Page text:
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**Our approach We “rescued” this study!**

Not optimal, but “best” given the design Adjustments might not be appropriate We “modeled” the data—we made assumptions We could not implement all the adjustments we would have liked to. Better approach? Start with a good design! We would have suggested balance Would NOT have given multiple treatments within mice.

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**Statisticians: Specific Responsibilities**

Design Choose most efficient design Consider all aims of the study Particular designs that might be useful Cross-over Pre-post Factorial Sample size considerations Interim monitoring plan

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**Statisticians: Specific Responsibilities**

Assistance in endpoint selection Subjective vs. objective Measurement issues Is there measurement error that should be considered? What if you are measuring pain? QOL? Multiple endpoints (e.g. safety AND efficacy) Patient benefit versus biologic/PK endpoint Primary versus secondary Continuous versus categorical outcomes

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**Statisticians: Specific Responsibilities**

Analysis Plan Statistical method for EACH aim Account for type I and type II errors Stratifications or adjustments are included if necessary Simpler is often better Loss to follow-up: missing data?

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**Sample Size and Power The most common reason we get contacted**

Sample size is contingent on design, analysis plan, and outcome With the wrong sample size, you will either Not be able to make conclusions because the study is “underpowered” Waste time and money because your study is larger than it needed to be to answer the question of interest And, with wrong sample size, you might have problems interpreting your result: Did I not find a significant result because the treatment does not work, or because my sample size is too small? Did the treatment REALLY work, or is the effect I saw too small to warrant further consideration of this treatment? This is an issue of CLINICAL versus STATISTICAL signficance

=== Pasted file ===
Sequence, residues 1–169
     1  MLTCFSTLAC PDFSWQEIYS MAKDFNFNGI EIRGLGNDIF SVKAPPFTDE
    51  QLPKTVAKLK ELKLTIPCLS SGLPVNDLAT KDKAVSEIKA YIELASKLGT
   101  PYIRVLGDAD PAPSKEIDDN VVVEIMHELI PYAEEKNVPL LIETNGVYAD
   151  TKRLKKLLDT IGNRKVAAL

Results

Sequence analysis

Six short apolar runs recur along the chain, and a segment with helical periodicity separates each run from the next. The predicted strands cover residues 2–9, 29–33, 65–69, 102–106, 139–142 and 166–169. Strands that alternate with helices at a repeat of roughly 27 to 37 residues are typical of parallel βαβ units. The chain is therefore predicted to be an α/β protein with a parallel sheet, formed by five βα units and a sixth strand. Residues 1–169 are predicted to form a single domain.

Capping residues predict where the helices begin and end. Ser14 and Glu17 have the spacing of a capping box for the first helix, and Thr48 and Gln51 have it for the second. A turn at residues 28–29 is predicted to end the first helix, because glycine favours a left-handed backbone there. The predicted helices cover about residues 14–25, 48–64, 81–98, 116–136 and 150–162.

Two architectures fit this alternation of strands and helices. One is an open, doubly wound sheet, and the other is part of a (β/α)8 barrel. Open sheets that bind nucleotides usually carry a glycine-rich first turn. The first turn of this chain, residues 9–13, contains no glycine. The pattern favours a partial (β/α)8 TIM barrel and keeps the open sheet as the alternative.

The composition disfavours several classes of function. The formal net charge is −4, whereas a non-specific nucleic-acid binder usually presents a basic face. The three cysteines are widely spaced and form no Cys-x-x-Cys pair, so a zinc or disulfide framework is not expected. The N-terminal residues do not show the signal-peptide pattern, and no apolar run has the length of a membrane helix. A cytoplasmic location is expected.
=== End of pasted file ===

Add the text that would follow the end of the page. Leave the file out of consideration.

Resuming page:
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Sample Size and Power Sample size ALWAYS requires the investigator to make some assumptions How much better do you expect the experimental therapy group to perform than the standard therapy groups? How much variability do we expect in measurements? What would be a clinically relevant improvement? The statistician CANNOT tell you what these numbers should be (unless you provide data) It is the responsibility of the clinical investigator to define these parameters

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**Sample Size and Power Review of power**

Power = The probability of concluding that the new treatment is effective if it truly is effective Type I error = The probability of concluding that the new treatment is effective if it truly is NOT effective (Type I error = alpha level of the test) (Type II error = 1 – power) When your study is too small, it is hard to conclude that your treatment is effective

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**Example: sample size in multiple myeloma study**

Phase II study in multiple myeloma patients (Borello) Primary Aim: Assess clinical efficacy of activated marrow infiltrating lymphocytes (aMILs) + GM-CSF-based tumor vaccines in the autologous transplant setting for patients with multiple myeloma. If the clinical response rate is ≤ 0.25, then the investigators are not interested in pursuing aMILs + vaccines further. If the clinical response rate is ≥ 0.40, they would be interested in pursuing further.